THE 5's OF SUICIDE
5 Warning Signs
Someone who is suicidal
Make a plan
Talk about wanting to die,
feeling hopeless or having no reason to live
Talk about being in
unbearable pain or being a burden to others
Have extreme mood swings
Give away her or his
5 Ways You Can Help
If an LGBT youth tells you
he or she is suicidal, or if you know a young LGBT person who you
feat is considering suicide, here's how you can help:
Accept the person's
feelings. Don't try to cheer the person up by making unrealistic
Talk directly about suicide.
Don't avoid asking someone if he or she has thoughts about suicide.
You will NOT be putting the idea into their head.
Tell a trusted adult. Talk
to the young person about who this might be.
In an emergency (if a
suicide attempt is imminent), call 911 or seek help from a hospital,
mental health clinic, or the Trevor Lifeline at 866-488-7386.
Things to Do if You Feel Depressed or Suicidal
Depression and suicidal
thoughts affect people of all ages. No matter who you are, it's
important to take care of yourself and get help if you need it. Here
are some tips:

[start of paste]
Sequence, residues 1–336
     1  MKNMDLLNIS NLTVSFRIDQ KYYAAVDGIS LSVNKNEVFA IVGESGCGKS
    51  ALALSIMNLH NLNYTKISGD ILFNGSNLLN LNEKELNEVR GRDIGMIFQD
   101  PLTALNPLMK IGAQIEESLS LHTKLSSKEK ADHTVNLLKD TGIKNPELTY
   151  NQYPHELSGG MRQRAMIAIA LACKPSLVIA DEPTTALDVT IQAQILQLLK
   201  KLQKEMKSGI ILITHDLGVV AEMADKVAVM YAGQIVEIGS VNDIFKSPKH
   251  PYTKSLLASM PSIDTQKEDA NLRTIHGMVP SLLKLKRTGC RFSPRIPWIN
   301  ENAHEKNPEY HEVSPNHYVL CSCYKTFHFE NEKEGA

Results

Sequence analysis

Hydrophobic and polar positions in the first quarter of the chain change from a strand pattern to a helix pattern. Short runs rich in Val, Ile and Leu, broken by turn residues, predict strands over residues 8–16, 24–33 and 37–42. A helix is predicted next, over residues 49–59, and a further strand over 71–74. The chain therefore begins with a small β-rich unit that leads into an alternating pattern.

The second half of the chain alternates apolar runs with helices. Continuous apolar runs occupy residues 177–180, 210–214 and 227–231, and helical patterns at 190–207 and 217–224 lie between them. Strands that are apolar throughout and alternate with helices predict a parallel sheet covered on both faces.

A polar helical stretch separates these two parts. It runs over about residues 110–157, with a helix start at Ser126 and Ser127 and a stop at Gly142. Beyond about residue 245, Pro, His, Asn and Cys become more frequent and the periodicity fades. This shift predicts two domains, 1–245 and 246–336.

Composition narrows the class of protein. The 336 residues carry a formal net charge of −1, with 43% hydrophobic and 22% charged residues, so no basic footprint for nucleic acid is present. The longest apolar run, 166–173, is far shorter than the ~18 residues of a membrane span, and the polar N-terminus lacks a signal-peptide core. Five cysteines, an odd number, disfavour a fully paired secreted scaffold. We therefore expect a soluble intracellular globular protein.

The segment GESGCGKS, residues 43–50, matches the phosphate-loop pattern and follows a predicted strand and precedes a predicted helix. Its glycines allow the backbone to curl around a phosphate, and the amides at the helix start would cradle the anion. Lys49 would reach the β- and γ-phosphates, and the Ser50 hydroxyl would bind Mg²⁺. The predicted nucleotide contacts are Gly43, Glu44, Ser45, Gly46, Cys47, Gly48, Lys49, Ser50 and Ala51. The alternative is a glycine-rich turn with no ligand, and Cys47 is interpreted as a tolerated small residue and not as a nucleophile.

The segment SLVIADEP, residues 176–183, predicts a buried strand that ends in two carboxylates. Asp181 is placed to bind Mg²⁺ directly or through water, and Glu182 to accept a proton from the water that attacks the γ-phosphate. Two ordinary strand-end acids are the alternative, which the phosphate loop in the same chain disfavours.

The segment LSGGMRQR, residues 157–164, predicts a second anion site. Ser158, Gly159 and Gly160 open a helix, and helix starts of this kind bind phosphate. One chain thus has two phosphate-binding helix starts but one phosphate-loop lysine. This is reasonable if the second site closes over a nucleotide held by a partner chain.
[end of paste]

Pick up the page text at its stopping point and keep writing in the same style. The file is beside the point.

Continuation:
Factors that are often
connected to suicide include psychiatric problems (i.e. depression,
anxiety disorders), homelessness, the death of a loved one and being
rejected by family because of sexual orientation.
Suicide is the third-leading
cause of death for people ages 12 to 18.
Lesbian, gay and bisexual
teens are much more likely than their peers to try to take their own
Transgender people of all
ages report a high rate of attempting suicide.
Three-fourths of people who
attempt suicide are female, while four-fifths of those who die by
suicide are male.
Having the support of just
one person can greatly reduce the risk someone will attempt suicide.
Suicide Prevention Center:
877-7-CRISIS or 877-727-4747
National Suicide Prevention Lifeline:
If you need immediate help, call 911.